- parity (Who will put the last stone if no pass occurs)
- edge pattern (pre-computed evaluation for each 10 squares edge+2X configuration in 8 phases of game)
- corner pattern (10 squares on a triangle pined at corner plus one more diagonal square)
- other patterns have been tried. Next version should use more and/or bigger ones.
- the end search evaluation/ordering function uses a lot of small edge/parity corelated patterns.
All these components are incrementally updated to achieve a good
depth of search (that needs a high grid per second ratio).
Mixing these values to obtain a single evaluation is done by a so
called brain. A Darwersi brain is mainly a set of n*60 floats that
weights these n strategic values during each 60 plies.
Manually tuning these amount of parameters is too tricky for an average
player like me. Thus I used the oldest trick in the world: evolution!
The default brain is the result of more than 1 000 000 generations of
evolution (~3 000 000 000 games). At each generation a bunch of new born
brains is generated by mutations of old ones and struggle for life
runs until only a small set of brains survive. Then, a new generation
starts over. This high cpu consuming algorithm runs (parallelized) on a virtual cluster of Dec, Sun and Linux boxes. The evolution master process sucked all the idle CPU on these computers by the mean of distributed slaves.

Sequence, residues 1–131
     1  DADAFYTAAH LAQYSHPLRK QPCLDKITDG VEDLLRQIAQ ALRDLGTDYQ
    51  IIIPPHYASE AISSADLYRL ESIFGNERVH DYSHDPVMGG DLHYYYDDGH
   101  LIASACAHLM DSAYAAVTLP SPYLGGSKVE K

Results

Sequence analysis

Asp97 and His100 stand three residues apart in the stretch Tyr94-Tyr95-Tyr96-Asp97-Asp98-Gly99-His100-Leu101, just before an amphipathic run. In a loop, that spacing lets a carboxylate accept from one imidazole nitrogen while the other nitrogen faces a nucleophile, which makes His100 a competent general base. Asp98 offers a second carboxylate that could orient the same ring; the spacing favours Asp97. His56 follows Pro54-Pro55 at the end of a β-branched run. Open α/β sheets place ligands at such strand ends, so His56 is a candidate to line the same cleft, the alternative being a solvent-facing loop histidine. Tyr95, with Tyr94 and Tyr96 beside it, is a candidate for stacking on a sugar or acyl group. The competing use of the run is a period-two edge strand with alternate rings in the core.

This bunch of GFlops has been generoulsy donated to Darw by INRIA.
This scheme seemed very promising to me when I thought of it, but
tuning mutation factors, selection predicates and population figures
is a tricky part.
Now you may understand this strange name Darwersi (darwinian
- First version of Darwersi had been coded in a hurry (54 hours if I
trust XTimex), this one is a far much long run... my XTimeX says 400+
hours, but I must admit I spend a lot more time in brainstorms with
other coders or in my bathtub thinking of new improvements ...
Its playing core (designed as a library) is 40 000 lines of C and has
proven to be widely portable. It compiles on a variety of unices and
- Darwersi is far from perfection. But now we are three to work on it!. Stephane is the GUI master and Yves is the alpha/beta guru. Thus we may expect to add new features at a higher rate.
At this time there is no more opening book. A new one is in
progress and is based on a learning scheme. Thus in a near future
Darwersi will nether make twice the same mistake !
You may have noticed that Darwersi is not using selective
search... MultiProbCut is one of our next goals, but current